author = "Colin CHARTRES and A Noble",
year = "2015",
month = "4",
doi = "10.1007/s12571-015-0425-1",
language = "English",
volume = "7",
pages = "235--245",
journal = "Food Security",
issn = "1876-4517",
publisher = "Springer",
number = "2",

}

Sustainable intensification : Overcoming land and water constraints on food production. / CHARTRES, Colin; Noble, A.

In: Food Security, Vol. 7, No. 2, 04.2015, p. 235-245.

Research output: Contribution to journalArticle

TY - JOUR

T1 - Sustainable intensification

T2 - Overcoming land and water constraints on food production

AU - CHARTRES, Colin

AU - Noble, A

PY - 2015/4

Y1 - 2015/4

N2 - Feeding over 9 billion people by the second half of this century will require a major paradigm shift in agricultural systems. Agriculture uses approximately 40 % of the terrestrial surface, is the major user of fresh water resources and contributes 17 % of greenhouse gas emissions. In turn, agriculture will be detrimentally affected by climate change in many climatic regions. Impacts of agriculture on ecosystem services include land clearing, loss of forest cover and biodiversity, significant soil degradation and water quality decline. Agricultural production will have to increase, even if we can reduce the rate of increase in demand for food. Given the current pressures on natural resources, this will have to be achieved by some form of agricultural intensification that causes less environmental impact. Therefore, it is not just intensification of agriculture, but ‘sustainable intensification’ that must be at the forefront of the paradigm shift. There is also a need to assess the situation holistically, taking into account population growth and resource intensive consumption patterns, improved systems of governance, changing diets and reducing waste. We review how and where natural resources are being placed under increasing pressure and examine the “ecological footprint” of agriculture. Suggested solutions include the application of existing scientific knowledge, implementation of emerging principles for sustainable land and water management and reclamation of salinized land. Encouragement of community action and private sector supply chain and production codes, backed up by improved national and regional governance and regulation also need to be encouraged if we are to see agricultural production become truly sustainable.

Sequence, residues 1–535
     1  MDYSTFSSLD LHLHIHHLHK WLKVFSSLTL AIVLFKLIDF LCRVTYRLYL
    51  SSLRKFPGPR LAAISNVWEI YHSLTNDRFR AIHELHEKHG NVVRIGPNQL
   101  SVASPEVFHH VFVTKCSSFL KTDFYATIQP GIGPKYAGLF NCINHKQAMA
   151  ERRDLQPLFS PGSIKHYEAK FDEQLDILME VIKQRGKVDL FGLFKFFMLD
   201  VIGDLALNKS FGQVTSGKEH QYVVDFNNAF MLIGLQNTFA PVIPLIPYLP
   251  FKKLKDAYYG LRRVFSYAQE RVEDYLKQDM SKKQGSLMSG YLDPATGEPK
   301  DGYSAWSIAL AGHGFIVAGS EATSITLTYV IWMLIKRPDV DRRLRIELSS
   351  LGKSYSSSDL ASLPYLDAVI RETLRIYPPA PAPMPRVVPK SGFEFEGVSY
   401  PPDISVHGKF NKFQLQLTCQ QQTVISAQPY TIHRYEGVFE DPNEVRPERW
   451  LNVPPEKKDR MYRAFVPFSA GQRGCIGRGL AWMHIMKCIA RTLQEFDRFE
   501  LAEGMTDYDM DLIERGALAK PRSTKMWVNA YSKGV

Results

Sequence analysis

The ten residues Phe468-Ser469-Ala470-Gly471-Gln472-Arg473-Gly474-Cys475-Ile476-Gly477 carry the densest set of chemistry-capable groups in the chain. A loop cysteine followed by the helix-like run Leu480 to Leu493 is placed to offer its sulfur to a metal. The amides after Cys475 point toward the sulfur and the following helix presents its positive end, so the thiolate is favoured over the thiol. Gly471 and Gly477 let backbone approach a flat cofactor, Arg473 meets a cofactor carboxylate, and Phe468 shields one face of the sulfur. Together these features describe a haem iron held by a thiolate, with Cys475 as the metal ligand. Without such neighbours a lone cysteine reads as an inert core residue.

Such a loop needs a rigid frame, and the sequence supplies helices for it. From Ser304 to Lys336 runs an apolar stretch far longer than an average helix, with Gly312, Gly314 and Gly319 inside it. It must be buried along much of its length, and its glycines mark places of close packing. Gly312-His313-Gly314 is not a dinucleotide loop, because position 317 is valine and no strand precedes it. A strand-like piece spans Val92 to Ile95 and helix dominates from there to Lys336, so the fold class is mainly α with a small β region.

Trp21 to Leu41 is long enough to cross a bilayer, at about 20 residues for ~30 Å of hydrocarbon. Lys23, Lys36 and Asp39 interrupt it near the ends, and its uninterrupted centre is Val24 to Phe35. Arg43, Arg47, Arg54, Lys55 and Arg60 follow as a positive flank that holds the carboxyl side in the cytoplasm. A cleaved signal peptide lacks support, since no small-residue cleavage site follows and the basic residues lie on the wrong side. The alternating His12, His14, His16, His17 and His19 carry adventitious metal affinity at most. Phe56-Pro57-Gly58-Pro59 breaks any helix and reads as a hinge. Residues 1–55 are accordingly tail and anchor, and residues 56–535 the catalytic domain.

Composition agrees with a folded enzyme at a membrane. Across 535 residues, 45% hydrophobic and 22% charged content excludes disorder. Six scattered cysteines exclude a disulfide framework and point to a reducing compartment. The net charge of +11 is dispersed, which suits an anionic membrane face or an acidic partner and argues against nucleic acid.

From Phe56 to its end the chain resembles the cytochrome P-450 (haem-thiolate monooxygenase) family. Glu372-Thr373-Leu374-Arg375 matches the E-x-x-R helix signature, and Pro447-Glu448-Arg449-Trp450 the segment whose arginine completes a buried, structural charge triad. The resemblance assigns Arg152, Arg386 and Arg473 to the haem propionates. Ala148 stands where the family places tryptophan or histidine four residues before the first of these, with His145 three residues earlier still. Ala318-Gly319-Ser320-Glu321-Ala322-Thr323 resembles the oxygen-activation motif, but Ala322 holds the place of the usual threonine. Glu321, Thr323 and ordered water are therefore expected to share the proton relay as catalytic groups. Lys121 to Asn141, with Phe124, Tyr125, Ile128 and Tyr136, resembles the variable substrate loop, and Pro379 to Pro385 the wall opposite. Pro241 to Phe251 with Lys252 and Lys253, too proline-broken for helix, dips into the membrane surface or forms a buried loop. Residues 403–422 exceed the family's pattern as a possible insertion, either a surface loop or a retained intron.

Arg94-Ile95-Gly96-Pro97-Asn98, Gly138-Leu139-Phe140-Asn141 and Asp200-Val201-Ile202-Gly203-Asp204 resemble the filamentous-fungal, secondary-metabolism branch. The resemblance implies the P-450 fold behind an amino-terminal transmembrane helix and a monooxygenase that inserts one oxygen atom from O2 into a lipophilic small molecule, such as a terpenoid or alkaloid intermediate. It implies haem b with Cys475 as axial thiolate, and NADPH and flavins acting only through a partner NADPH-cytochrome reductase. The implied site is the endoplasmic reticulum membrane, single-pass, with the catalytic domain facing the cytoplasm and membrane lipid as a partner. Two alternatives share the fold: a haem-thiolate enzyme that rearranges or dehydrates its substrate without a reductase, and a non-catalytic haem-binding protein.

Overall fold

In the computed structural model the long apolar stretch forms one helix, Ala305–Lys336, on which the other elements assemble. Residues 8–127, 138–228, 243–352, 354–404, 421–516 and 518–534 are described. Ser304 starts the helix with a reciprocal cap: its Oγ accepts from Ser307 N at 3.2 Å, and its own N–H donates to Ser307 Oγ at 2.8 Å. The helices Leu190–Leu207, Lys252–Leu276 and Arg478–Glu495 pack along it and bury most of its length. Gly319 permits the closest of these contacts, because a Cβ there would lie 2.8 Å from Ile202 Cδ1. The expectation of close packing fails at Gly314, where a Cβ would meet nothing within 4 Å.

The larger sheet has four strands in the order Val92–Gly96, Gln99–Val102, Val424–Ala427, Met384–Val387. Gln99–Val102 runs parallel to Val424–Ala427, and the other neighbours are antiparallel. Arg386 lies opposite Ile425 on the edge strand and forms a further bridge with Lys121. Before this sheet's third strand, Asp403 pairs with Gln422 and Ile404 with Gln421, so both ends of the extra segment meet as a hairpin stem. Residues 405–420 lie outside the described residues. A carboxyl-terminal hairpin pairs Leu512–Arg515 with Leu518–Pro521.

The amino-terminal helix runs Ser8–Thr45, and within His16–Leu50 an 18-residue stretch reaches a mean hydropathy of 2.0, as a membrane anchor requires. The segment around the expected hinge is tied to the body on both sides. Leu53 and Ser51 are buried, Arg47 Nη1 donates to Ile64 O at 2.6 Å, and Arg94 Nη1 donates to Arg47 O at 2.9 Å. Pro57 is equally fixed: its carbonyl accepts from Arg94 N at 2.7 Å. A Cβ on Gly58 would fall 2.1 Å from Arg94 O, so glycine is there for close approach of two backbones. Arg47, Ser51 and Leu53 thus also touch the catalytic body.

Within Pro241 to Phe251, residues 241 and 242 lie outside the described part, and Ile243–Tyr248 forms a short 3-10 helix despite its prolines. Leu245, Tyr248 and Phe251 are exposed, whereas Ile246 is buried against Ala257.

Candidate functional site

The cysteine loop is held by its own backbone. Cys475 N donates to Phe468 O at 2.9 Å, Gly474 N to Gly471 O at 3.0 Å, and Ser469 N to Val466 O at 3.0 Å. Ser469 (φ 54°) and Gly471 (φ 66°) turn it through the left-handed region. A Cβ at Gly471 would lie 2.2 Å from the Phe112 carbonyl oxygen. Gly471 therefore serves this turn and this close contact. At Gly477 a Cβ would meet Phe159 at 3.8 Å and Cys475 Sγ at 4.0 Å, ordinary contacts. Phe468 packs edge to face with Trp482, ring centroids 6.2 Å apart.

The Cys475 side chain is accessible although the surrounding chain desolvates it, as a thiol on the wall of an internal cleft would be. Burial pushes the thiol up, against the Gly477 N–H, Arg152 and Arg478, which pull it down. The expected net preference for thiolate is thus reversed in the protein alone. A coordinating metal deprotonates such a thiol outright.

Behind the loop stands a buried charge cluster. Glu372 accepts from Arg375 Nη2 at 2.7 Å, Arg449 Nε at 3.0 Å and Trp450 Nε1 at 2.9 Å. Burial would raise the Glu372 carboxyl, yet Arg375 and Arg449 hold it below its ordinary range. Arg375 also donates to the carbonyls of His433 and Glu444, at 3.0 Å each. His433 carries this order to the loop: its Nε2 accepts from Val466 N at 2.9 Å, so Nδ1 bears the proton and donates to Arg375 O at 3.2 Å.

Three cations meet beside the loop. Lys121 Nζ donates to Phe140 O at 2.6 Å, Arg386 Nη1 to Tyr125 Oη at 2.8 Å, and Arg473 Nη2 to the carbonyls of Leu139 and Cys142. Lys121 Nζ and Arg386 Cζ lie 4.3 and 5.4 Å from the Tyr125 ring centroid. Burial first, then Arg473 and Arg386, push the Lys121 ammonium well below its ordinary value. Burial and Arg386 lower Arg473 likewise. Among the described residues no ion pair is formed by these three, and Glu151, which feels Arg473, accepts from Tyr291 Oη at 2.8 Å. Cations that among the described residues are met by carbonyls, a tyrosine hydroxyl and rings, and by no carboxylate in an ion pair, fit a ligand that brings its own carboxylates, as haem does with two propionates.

AB - Feeding over 9 billion people by the second half of this century will require a major paradigm shift in agricultural systems. Agriculture uses approximately 40 % of the terrestrial surface, is the major user of fresh water resources and contributes 17 % of greenhouse gas emissions. In turn, agriculture will be detrimentally affected by climate change in many climatic regions. Impacts of agriculture on ecosystem services include land clearing, loss of forest cover and biodiversity, significant soil degradation and water quality decline. Agricultural production will have to increase, even if we can reduce the rate of increase in demand for food. Given the current pressures on natural resources, this will have to be achieved by some form of agricultural intensification that causes less environmental impact. Therefore, it is not just intensification of agriculture, but ‘sustainable intensification’ that must be at the forefront of the paradigm shift. There is also a need to assess the situation holistically, taking into account population growth and resource intensive consumption patterns, improved systems of governance, changing diets and reducing waste. We review how and where natural resources are being placed under increasing pressure and examine the “ecological footprint” of agriculture. Suggested solutions include the application of existing scientific knowledge, implementation of emerging principles for sustainable land and water management and reclamation of salinized land. Encouragement of community action and private sector supply chain and production codes, backed up by improved national and regional governance and regulation also need to be encouraged if we are to see agricultural production become truly sustainable.

KW - Ecosystem services

KW - Land and water productivity

KW - Sustainable intensification

UR - http://www.scopus.com/inward/record.url?scp=84939982815&partnerID=8YFLogxK

UR - http://www.mendeley.com/research/sustainable-intensification-overcoming-land-water-constraints-food-production

U2 - 10.1007/s12571-015-0425-1

DO - 10.1007/s12571-015-0425-1

M3 - Article

VL - 7

SP - 235

EP - 245

JO - Food Security

JF - Food Security

SN - 1876-4517

IS - 2

ER -